Ten candidates will take the stage at the first official Democratic National Committee debate tonight in Miami, Florida. But a question already looms over the festivities: Should the DNC host a climate-themed debate?

A swath of Democratic candidates, led by self-proclaimed climate candidate Jay Inslee, have come out in favor of such a debate. But last month, committee head Tom Perez tried threw a wet blanket on the idea. Not only will the DNC not host a climate debate, candidates who participate in a non-DNC-sanctioned debate will be disqualified from future debates.

Perez’s statement might’ve rattled some of the candidates, but climate activists aren’t taking no for an answer.

On Tuesday, 100 Sunrise protesters started protesting on the steps of the DNC headquarters in Washington, D.C. And dozens of activists stayed the night and were still protesting as of Wednesday afternoon.

They plan to host a debate watch party on the DNC steps tonight; it’s unclear at this point whether the group will stay put to protest the second debate on Thursday night.

This strategy — taking the fight for a climate debate directly to the DNC headquarters — is a change of plans for the group in their enduring quest to put climate change at the center of American politics. Originally, the Sunrise Movement had planned to mobilize thousands of volunteers across the country to attend the second Democratic debate in Detroit in July. But after a slew of high-profile candidates released ambitious climate plans, and Perez handed down his decree, the group shifted gears and decided to build up grassroots support for climate action in key regions across the U.S. instead.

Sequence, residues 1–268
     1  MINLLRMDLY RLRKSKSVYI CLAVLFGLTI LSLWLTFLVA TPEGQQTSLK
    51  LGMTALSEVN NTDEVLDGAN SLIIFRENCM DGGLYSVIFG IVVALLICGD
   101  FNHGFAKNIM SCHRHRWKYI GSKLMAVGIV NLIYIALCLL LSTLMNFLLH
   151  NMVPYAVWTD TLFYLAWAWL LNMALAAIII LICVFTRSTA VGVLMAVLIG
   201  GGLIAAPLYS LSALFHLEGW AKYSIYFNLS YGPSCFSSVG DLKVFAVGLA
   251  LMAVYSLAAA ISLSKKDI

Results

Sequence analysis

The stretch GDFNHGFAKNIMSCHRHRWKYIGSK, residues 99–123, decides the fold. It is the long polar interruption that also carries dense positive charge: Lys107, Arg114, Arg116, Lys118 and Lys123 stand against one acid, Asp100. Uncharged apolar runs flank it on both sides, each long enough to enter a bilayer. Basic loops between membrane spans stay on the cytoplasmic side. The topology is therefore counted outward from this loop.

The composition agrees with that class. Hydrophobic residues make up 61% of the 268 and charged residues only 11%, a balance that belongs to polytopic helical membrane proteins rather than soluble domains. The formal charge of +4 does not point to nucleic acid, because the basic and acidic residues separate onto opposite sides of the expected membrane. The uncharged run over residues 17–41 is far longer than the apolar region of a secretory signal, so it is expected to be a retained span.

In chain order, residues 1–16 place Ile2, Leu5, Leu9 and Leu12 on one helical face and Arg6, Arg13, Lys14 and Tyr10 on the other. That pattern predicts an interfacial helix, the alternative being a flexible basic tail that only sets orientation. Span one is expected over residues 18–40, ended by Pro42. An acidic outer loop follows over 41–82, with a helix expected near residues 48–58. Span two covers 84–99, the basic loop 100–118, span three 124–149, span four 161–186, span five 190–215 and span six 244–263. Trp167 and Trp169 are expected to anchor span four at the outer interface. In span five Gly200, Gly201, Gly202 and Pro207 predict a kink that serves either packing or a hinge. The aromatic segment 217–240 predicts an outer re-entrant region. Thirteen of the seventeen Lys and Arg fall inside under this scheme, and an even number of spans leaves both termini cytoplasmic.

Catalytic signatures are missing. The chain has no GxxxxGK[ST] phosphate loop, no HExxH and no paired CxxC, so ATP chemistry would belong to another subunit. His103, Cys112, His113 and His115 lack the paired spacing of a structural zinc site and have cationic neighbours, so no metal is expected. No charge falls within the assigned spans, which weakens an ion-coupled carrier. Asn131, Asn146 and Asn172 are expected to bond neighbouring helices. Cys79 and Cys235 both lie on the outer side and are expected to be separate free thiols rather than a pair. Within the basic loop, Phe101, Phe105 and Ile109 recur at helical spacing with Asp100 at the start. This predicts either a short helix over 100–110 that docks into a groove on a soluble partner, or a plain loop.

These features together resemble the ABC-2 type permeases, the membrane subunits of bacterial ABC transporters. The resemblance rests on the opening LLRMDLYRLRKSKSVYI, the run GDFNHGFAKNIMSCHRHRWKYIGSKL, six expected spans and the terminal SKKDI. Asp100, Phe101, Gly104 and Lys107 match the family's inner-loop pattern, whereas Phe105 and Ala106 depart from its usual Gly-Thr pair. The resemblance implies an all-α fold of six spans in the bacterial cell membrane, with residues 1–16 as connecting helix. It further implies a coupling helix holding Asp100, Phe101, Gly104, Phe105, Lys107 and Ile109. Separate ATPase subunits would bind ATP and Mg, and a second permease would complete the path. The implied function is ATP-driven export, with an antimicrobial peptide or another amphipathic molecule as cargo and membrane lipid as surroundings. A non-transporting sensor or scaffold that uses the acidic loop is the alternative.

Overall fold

What can we expect from the Sunrise Movement now that a mass-demonstration in Detroit isn’t on the table? “We need massive mobilization and disruption in every corner of the country unlike anything we’ve seen in our lifetimes,” Sunrise Movement Executive Director Varshini Prakash said in an email to supporters. Looks like the climate activists are here for the long haul.